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Life on Mars would be tough. The next day the weather is a pleasant 70 degrees celsius, only to drop down to 100 below zero that night. It’s nasty summer dust storms that darken the atmosphere for months, it can also be a cause for concern.
A more immediate problem for the astronauts on Mars could be related to the partial gravity. The Red Planet’s gravity is about 40 percent that of the Earth, which could have a negative impact on the human body, so that the weight-bearing bones are weakened and are less challenged to be the muscles to atrophy.
While the astronauts float around inside the International Space Station (ISS), it would have to have access to exercise machines, to get these effects, for they would have no kind of equipment on Mars. The profits that they would have to pumping iron at Gold’s Gym, the ISS would have been gone quickly. However, the investigators from Harvard could have been found a nutritional supplement that may prevent this problem: the use of resveratrol, an antioxidant found in grape skin, berries, and perhaps one of the most famous red wine.
“The development of the four-hanger and living environment for the rat model of partial weight bearing. The pictures of the rodents, the jacket is composed of a necklace, a jacket, and a back bra extender (A), the pelvis harness (B), and the whole of the quadruple suspension (C), and the rat has to undergo to partial weight bearing (PWB) in the novel environment; and (D).” (Credit: Harvard Medical School, Beth Israel Deaconess Medical Center
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The study’s lead author, Dr. Marie, Mortreux, a researcher at the Harvard Department of Neurology at Beth Israel Deaconess Medical Center, is known for the connection to the study of type ii diabetes and obesity, and were also aware of the potential impact on the growth of muscle.
“Previous studies of the astronauts and for the ground analogues, have shown that environment-induced insulin resistance in the muscle, and the use of resveratrol has been extensively well-known for its anti-diabetic effects,” Mortreux, told Fox News. “Also, studies have shown that resveratrol can prevent bone loss during unloading (the removal of the vertical forces acting on the animal, and the increase in body weight in diabetic animals.”
The study has been published in the scientific journal ‘Frontiers’.
In order to test resveratrol’s potential effects against muscle atrophy in march, Mortreux, the team made up of a custom-built apparatus to simulate the Red Planet’s gravity.
“We have adapted the idea of the study, Mary Bouxsein, in mice, and with rats with a custom-made jackets, and pelvic armor,” Mortreux says. “These two items are then linked to each other in a triangle-shaped stainless-steel necklace at the top, in the middle of the cage, and by changing the length of the chain, we were able to reduce the weight and be able to carry on with our animals, while still allowing for a relatively normal behavior, and the four position.”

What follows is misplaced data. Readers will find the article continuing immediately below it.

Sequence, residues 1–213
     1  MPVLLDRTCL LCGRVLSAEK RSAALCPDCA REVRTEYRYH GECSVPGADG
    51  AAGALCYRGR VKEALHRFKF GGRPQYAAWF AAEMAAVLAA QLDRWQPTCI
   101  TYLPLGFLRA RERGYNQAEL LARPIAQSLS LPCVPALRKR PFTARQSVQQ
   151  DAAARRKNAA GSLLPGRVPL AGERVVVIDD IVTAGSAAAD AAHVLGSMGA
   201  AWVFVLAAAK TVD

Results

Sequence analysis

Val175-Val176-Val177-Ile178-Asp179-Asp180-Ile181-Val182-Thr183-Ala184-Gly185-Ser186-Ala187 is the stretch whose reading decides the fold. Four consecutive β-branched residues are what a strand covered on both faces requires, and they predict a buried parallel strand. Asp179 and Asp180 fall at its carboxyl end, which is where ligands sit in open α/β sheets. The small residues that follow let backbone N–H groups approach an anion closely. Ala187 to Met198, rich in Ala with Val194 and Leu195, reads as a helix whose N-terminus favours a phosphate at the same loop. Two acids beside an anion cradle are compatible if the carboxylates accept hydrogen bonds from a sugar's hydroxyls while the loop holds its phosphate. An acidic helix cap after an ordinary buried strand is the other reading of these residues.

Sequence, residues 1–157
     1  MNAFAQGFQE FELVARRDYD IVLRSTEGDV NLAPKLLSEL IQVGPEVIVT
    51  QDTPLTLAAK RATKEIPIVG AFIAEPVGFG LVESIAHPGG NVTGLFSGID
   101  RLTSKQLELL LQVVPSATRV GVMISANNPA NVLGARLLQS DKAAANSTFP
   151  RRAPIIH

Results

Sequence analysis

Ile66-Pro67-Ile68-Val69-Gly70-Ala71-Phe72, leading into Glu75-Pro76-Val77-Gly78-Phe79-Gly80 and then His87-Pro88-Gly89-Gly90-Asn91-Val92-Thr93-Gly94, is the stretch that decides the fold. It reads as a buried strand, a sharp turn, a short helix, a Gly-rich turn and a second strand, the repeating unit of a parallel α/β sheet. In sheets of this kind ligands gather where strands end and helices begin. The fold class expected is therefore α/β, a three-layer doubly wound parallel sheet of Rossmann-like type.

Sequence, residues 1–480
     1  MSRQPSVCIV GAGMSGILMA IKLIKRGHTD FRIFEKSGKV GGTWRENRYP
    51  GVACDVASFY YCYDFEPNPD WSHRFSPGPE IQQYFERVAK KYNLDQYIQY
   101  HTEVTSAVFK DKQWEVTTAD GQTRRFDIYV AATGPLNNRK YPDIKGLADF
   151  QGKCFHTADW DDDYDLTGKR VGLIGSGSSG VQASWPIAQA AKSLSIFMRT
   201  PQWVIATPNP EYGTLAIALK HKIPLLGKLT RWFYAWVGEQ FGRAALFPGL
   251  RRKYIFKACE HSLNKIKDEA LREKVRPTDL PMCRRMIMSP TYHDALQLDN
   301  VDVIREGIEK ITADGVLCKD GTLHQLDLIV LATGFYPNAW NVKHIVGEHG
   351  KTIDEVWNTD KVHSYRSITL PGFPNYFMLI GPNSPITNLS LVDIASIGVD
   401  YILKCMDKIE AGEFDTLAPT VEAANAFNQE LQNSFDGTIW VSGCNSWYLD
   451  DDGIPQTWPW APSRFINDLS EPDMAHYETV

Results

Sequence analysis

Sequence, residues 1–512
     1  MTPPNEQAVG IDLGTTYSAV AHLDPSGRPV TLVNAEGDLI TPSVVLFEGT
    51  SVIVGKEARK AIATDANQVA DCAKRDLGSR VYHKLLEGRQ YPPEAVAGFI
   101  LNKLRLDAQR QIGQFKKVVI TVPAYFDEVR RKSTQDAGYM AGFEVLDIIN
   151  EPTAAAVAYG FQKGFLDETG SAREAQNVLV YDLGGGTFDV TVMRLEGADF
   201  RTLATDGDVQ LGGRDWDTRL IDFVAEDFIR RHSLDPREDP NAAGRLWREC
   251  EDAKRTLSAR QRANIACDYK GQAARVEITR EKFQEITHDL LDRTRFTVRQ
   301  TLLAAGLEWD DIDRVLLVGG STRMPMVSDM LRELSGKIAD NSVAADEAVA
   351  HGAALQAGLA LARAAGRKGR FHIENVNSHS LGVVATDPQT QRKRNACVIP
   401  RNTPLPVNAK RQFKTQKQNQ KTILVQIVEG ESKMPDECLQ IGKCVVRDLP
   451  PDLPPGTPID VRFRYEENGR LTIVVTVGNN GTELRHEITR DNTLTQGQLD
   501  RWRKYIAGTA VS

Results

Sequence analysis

Half of the 24 rats that experienced normal load is equal to the gravitational force of the Earth, and the other half experienced a 40 per cent load, which is equivalent to Mars’ gravity. Six rats in each group were given only water to drink, while the other six were given 150 mg of resveratrol per day. They all ate the same food.
The team carried out weekly measurements of the rats’ calf circumference, and the hind leg, and grip strength. What the researchers found was astonishing– to the rats, which had only been water on Mars, weakened grip, and shrunken calf muscles, however, the rats that received resveratrol had the same muscle mass, and is nearly as strong a grip as the non-supplemented rats “on the planet.”
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So does this mean that if the astronauts have to drink a lot of red wine to Mars, they will continue to be in good shape and not loose muscle? Unfortunately, it is not, according to the Mortreux.
“But it’s a red wine, and any other sources of resveratrol are well known, they are not bad at all) to match the dose given to my rats (which would be about 1,500 mg,” she added. However, resveratrol is widely available as over-the-counter and online retailers, and the pills usually come in doses of 500 mg or 1000 mg. In addition, it would dramatically reduce the space taken in the aircraft with the help of the pills.”
Future study of Mortreux and her team will focus on the mechanisms that might be involved, and it will also look to see if the women respond well to men. They are going to examine different doses, in the event there is evidence of a dose-response effect, and in order to experiment on rats to see how they would fare on the Moon.
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